Medicare and Medicaid were enacted in 1965, and for more than four decades, advocates fought for universal health insurance largely without success. Then, in 2009, the first major priority of the Democratic-controlled House, 59-vote Democratic majority Senate, and Democratic President was to enact the Affordable Care Act, bringing health insurance to millions. These politicians passed major legislation when they had the chance, even though the law had nothing to do with fixing the financial crisis that helped sweep them into power (the Dodd-Frank Act was passed the next year, in 2010). The incentives are clear: if a politician or appointee can accomplish a political or policy goal, they should accomplish it without delay. “You never want a serious crisis to go to waste,” President-elect Obama’s Chief of Staff Rahm Emanuel is quoted as saying in 2008.
Advocates fought for more than four decades to make this policy a reality, but the American political system (by design) makes enacting large legislative changes extremely difficult. The number of individuals who can single-handedly kill a piece of legislation is astronomical. For all but the most extreme cases, a bill needs approval of the following for it to become a law: the House committee chair; a majority of the House committee; the Speaker of the House; the House Majority Leader; a majority of the House; the Senate committee chair; the majority of the Senate committee; the Senate Majority Leader; a 60-vote, filibuster-proof majority of the Senate; and the President. These are 10 “veto points” where a bill can die, and only if a bill is assigned to only one committee in each of the House and Senate.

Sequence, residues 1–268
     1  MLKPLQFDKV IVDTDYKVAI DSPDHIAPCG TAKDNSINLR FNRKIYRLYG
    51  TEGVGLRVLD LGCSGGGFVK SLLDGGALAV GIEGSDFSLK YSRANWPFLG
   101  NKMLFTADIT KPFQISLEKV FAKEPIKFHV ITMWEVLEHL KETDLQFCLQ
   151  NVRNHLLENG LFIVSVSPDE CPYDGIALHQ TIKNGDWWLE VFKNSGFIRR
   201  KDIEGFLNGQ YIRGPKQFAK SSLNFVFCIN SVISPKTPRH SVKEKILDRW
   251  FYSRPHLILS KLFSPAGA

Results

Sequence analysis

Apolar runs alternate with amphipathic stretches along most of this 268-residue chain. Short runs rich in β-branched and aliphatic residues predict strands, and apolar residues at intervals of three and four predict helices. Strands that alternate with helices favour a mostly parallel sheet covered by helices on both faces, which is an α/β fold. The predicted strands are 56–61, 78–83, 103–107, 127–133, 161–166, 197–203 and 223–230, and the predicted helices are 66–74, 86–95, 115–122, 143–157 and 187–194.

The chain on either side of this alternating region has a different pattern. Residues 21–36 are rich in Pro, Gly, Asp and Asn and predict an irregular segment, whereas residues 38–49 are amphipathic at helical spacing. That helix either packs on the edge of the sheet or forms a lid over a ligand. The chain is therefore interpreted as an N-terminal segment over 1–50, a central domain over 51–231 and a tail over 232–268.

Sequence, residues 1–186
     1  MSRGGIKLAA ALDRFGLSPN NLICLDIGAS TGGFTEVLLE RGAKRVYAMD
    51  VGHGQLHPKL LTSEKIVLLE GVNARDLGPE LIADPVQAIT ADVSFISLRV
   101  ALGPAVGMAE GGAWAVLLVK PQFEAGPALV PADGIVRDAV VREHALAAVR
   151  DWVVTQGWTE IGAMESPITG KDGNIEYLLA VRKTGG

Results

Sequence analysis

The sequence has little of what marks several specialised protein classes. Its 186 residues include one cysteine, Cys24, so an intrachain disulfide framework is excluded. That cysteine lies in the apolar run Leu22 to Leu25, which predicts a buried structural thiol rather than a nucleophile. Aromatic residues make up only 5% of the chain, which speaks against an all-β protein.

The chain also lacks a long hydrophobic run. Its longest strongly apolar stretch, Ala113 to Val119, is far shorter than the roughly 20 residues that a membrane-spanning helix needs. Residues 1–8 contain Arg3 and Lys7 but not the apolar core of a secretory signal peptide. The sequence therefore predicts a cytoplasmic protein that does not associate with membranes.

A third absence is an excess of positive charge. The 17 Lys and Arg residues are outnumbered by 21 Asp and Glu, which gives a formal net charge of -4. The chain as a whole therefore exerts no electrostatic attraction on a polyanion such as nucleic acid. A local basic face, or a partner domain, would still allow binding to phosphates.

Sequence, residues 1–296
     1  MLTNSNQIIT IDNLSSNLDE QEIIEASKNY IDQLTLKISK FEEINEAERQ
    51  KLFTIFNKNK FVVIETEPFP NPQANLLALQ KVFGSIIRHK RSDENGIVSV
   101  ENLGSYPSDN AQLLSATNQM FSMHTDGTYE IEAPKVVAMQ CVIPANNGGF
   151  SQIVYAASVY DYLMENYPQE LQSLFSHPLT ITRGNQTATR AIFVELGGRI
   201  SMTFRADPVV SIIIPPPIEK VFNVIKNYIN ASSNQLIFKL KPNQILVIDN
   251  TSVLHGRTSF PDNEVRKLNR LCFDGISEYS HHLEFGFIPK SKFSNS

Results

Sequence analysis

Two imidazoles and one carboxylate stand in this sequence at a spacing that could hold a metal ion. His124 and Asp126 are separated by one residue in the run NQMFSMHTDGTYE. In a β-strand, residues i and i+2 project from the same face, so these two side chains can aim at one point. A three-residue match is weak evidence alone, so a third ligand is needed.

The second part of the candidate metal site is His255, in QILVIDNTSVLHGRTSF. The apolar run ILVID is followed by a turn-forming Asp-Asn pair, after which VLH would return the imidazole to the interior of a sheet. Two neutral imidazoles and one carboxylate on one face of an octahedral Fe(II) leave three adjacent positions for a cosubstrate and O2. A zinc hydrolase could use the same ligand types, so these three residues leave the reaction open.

In the regulatory process, similar veto points exist. A deputy assistant secretary hoping to implement a policy not only must show statutory authority for the policy but may also require buy-in from the assistant secretary, secretary, other agencies, Domestic Policy Council, Office of Information and Regulatory Affairs, and perhaps the President himself.
This is all to say that passing a single law or promulgating a single regulation is extremely difficult and that changing the status quo happens rarely.
Several recent proposals to reform the regulatory process attempt to double these veto points by making it much, much easier for future politicians to revert policy back to the status quo. Although advocates use the language of “good government” to describe why these proposals should be implemented, enacting or implementing these proposals would make achieving permanent change even more difficult.
Two examples jump immediately to mind: regulatory pilot programs and program sunsets.
With a pilot, policymakers can test whether a specific policy will achieve desired benefits with acceptable costs or risks. They can tweak a pilot until they are able to achieve the right balance of benefits and costs or learn that a policy is ineffective or too costly before applying it more broadly. However, it takes time to develop and run a pilot and analyze its results, and it invariably ends. This process could take years, which is problematic for elected officials who may have only a single two-year period to legislate or political appointees who must contend with extensive and time-consuming notice-and-comment requirements. Further, even if a pilot is effective at achieving its intended results, those in power when the pilot ends may have different priorities and could easily end the pilot without effort or fuss.